'Rebirthing' Therapist Denies Guilt

June 14, 2001 -- A psychotherapist convicted of reckless child abuse in death of a 10-year-old girl during a controversial therapy still insists the child's death was not her fault.

Connell Watkins will be sentenced on Monday. She faces up to 48 years in prison in the death of Candace Newmaker during a therapy known as "rebirthing."

In the procedure, the child was wrapped in a sheet and covered in pillows to recreate the experience of emerging from the womb.

Watkins, who says she has successfully performed the therapy on several patients, says Candace could have easily escaped from the pillows. "There was no weight on her, she can sit up," Watkins told ABC's 20/20 in an interview airing tonight. "She can stand up."

The therapy, according to its proponents, treats a condition called attachment disorder, which is a failure to trust and bond with parents or caregivers.

For court sketches of Candace's rebirthing, click here.

Troubled Child

Candace was born into poverty and spent much of her childhood in foster homes. When she was 6 years old, she was adopted by Jeane Newmaker, a pediatric nurse from a well-off family.

According to her adoptive mother, Candace was a child who raged uncontrollably, once attempting to set the house on fire. Candace spent years on medication and seeing psychologists, but Newmaker says the sessions often ended with her daughter biting and spitting at the therapists.

By Candace's 10th birthday, Newmaker concluded that her daughter suffered from attachment disorder. She traveled to Evergreen, Colo., where Watkins, an unlicensed therapist, ran her rebirthing clinic.

Watkins describes Newmaker as scared and exhausted. "She was afraid that she wasn't going to be able to hold on to her daughter much longer and she did not want to have to place her out of her home," Watkins said.

The Procedure

The rebirthing procedure took place on the morning of April 18, 2000, three days before Candace's therapy was set to end.

Watkins' assistant, Julie Ponder, told Candace to lie down in a fetal position on a blue flannel sheet. In the corner of the room a video camera recorded the session.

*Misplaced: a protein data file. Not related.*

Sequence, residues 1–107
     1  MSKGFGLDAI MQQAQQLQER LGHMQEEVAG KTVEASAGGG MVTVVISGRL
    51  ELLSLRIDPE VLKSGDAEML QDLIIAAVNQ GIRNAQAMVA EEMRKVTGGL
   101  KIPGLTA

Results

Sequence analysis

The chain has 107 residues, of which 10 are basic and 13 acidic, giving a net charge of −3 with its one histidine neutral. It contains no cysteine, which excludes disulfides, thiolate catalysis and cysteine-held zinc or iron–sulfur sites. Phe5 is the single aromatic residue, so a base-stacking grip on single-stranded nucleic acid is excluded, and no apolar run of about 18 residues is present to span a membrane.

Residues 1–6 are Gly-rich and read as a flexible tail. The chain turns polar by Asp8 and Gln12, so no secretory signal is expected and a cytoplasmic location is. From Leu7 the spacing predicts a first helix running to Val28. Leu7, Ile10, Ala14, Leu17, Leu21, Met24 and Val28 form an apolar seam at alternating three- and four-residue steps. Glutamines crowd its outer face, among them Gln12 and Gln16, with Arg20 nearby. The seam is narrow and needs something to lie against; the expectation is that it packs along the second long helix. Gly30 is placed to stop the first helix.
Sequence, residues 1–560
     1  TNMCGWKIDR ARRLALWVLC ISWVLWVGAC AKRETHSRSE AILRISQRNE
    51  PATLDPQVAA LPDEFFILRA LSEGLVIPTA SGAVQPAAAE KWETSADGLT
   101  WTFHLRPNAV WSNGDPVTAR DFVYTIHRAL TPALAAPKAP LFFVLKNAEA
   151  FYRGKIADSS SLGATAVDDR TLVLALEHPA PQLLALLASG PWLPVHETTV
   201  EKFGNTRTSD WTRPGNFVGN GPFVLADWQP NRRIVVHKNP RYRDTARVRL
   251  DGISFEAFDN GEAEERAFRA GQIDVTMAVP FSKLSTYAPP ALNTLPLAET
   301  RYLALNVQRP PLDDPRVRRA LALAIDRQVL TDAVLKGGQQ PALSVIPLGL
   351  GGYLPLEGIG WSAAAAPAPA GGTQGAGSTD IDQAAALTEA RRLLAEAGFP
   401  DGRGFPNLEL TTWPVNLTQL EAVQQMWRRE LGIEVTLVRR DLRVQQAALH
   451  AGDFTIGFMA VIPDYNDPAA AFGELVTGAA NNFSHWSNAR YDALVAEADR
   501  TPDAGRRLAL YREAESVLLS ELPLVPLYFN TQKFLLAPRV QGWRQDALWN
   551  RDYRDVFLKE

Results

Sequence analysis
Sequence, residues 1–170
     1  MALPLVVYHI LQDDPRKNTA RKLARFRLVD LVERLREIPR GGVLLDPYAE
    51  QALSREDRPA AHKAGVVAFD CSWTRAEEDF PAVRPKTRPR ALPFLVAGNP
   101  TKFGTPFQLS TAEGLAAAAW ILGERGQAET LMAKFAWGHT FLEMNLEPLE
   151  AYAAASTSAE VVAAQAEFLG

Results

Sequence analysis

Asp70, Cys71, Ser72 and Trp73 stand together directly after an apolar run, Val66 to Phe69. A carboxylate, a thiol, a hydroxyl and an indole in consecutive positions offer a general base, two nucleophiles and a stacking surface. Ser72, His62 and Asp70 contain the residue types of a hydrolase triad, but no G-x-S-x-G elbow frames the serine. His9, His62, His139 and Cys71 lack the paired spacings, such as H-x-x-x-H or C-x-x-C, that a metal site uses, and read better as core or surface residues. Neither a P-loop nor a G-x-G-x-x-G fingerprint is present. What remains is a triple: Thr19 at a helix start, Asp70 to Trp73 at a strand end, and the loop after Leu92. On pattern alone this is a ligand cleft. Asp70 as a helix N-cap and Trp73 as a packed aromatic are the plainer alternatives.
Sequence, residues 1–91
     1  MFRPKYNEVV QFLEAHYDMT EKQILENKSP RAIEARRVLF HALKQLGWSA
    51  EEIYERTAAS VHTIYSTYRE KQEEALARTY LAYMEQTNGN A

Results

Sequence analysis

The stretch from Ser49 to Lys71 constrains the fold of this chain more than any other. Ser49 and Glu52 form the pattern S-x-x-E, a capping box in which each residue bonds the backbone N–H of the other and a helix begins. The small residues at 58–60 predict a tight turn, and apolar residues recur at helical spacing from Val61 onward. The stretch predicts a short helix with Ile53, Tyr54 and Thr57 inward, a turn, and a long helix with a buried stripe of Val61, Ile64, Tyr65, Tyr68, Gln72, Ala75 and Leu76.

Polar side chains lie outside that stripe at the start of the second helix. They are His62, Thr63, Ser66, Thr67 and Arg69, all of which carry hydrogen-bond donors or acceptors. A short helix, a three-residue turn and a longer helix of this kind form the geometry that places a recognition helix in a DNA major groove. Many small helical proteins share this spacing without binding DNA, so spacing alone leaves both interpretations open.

Ponder gathered the four corners of the sheet, twisting it closed above Candace's head. Then the two therapists placed pillows in a tent-like formation on top of the child.

Watkins and Ponder were joined by office manager Brita St. Claire, and her boyfriend, intern Jack McDaniel, neither of whom was a trained therapist.

While Newmaker kneeled at her daughter's head, the other four adults, together weighing more than 600 pounds, alternately pushed on the 70-pound child to simulate birth contractions.

'I'm Going to Die'

In the 40 minutes that followed, Candace yelled out seven times that she couldn't breathe, and six times she yelled out that she was going to die.

But Watkins says such exclamations were not cause for worry. It's common for children with attachment disorder to make such statements, she says. "Our kids talk about dying," she said, "they talk about dying and they talk about killing."

Though there were four adults pushing against the pillows, Watkins insists that it would have been possible for Candace to climb out of the "womb."

"We're just sitting on the ground," Watkins said, "She could push us away easily."

She says if Candace had really been unable to breathe, she would have tried to escape from the pillows. "When kids can't breathe," Watkins argues, "they start struggling to get out of there — they're not just lying there saying, 'I can't breathe, I can't breathe,' They're getting out of the sheet."

'Thought She Was Asleep'

More than 40 minutes into the session, Newmaker, asked, "Baby, do you want to be born?"

Candace quietly responded, "No." It was her last word.

Finally, one hour and 10 minutes after the rebirthing session began, the therapists unwrapped her.

"I thought she was asleep," Watkins said. "There's nothing even then that indicated to us that something really bad had happened."

When they realized something was wrong, Ponder and Newmaker performed cardiopulmonary resuscitation on Candace, and Watkins called 911.

Watkins was horrified at the outcome, particularly, she says, because Candace's cries for help were normal for patients undergoing the therapy.

"All the things she said earlier were things that other kids would say going through other types of sessions," said Watkins.

'I Know I'm Not a Child Abuser'

The next morning, Candace was pronounced dead at Children's Hospital in Denver. A month later, Watkins and Ponder were arrested and charged with child abuse. Both were convicted. Ponder will be sentenced Monday along with Wakins.

Psychologist and attorney Christoper Barden saw the videotape of the rebirthing and testified as an expert witness for the prosecution in the trial of Watkins and Ponder.

"Holding children down, yelling at them, screaming at them, calling them names ... This is not therapy — this is child abuse," said Barden, an outspoken critic of alternative therapies.

Barden says he does not believe Watkins' contention that Candace could have escaped the pillows and sheet she was wrapped in. "I think that she tried [to escape], I think she tried many times," he said.

Watkins still believes in her rebirthing techniques. "I know I'm not a child abuser," she said. "I know my intent and the techniques we've used has helped hundreds of children."

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